When embracing the world, we as Christian are always questioning ourselves - how much world is in the world, but not of it? Santa Claus is one of those puzzles. At least he is based upon an actual Christian, St. Nicholas. The problem comes into play when the secular world hijacks Santa, morphing him into a God like figure. Santa is portrayed as knowing when you are good and bad, as being omnipresent. Celebrating Santa in more on the Happy Holidays side of the season, and fears Christians into viewing him as a distraction from Jesus, the real star of Christmas.
Is having your kids sit on Santa's lap bad? Should you donate all your Santa decorations to Goodwill? Could you proudly pronounce, "We do NOT do Santa." If you want to ban the jolly fat guy, that is completely your choice, but here is what we do at our house. Only you can pray and discern what God would like you to do in this matter. Santa is not a matter of orthodoxy.
All the mythical characters are explained to our children as being make-believe. The Tooth Fairy, Easter Bunny and Santa included. We explain make-believe is fun, and anything can happen there. I must admit that Disney World is one of my favorite destinations, it is the ultimate make-believe environment. It oozes magic. However, wishes and magic are make-believe, they do not make things happen (Mr. Rodgers has a great book on this if you can find it). Dreams are great to have, but real is real and make-believe stays in make-believe.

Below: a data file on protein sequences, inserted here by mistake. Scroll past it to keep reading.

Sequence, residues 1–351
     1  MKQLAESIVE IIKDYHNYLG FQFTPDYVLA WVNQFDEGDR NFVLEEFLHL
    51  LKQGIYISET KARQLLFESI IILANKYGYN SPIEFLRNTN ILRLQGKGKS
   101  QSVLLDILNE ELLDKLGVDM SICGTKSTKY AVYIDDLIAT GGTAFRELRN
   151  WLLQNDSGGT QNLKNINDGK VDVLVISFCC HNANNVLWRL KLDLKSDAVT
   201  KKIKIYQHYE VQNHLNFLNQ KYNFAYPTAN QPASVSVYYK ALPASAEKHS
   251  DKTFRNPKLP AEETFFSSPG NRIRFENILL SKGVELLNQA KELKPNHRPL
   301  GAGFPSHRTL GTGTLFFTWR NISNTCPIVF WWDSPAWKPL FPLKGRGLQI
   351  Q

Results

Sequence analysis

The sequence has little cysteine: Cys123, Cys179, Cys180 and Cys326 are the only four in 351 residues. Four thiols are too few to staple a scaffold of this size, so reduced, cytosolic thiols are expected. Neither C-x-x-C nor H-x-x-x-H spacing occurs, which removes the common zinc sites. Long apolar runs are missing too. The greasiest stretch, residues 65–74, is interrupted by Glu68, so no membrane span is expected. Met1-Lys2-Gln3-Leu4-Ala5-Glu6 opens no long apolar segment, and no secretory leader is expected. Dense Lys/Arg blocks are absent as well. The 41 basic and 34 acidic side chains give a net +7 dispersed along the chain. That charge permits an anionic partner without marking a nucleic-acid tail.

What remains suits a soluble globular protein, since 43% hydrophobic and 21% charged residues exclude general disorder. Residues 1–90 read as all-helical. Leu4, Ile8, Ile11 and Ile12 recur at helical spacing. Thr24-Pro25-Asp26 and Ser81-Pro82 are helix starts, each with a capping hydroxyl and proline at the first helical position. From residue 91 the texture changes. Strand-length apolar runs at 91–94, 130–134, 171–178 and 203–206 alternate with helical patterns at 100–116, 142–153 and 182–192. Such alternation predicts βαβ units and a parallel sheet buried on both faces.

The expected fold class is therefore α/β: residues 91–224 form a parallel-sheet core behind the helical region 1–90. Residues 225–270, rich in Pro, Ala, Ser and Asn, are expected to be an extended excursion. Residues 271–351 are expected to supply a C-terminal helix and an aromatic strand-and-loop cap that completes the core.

Santa is magical to my children because he lives in their imagination. My five year old told me the Tooth Fairy lives next to Santa Claus. Last year we sprinkled reindeer food on our lawn, the kids loved it. They nervously sit on Santa lap and with a joyful smile, as they whisper their wishes for toys. We enjoy movies like The Polar Express. Every year we think about doing a Santa sighting on Christmas Eve, but the suit never materializes. I feel my children have fully enjoyed the "magic" of Santa, while we have been able to be honest with them. Learning what is real and what is make-believe is an important lesson for a child. It in no way crushes their childhood.
What we have not done is give Santa Claus God like characteristics like I mention above. If they say in a movie that Santa knows when your are naughty or nice, I verbally remind the kids that only God has that power. We also do not tell the kids that Santa brings them presents. If they want to make-believe that Santa does, that is fine. Santa is not used as a leverage for getting good behavior either. Children should focus on honoring God, not pleasing Santa. Decorations depicting Santa are not banned in our home, but I do not think we have any other than a Santa hat. We do try to use decorations that point to Christ in Christmas.
There is a line between being honest with your children and only telling them what they need to know. Personally to me, saying "Santa is real" is a falsehood. I cannot see how a falsehood honors God, in fact I would say it is braking a commandment. The smart kids will figure it out pretty early anyway. You have more of a chance of prolonged magic if you let Santa live in make-believe. It is much easier to answer, "Mommy, how can Santa be in so many places? Anything can happen in make-believe, my sweet."
I would just like to add that it is the way you walk out Christ daily in your life that matters most in raising Godly children. Issues like Barbie dolls, Trick-or-Treating, and Santa are just side shows. Pray. Seek God. Seek wise council. Listen and leave the mommy worries at His feet.
Do you "do" Santa? How do you handle the issue? I like to hear other people's perspective on the matter, even when they are completely against mine.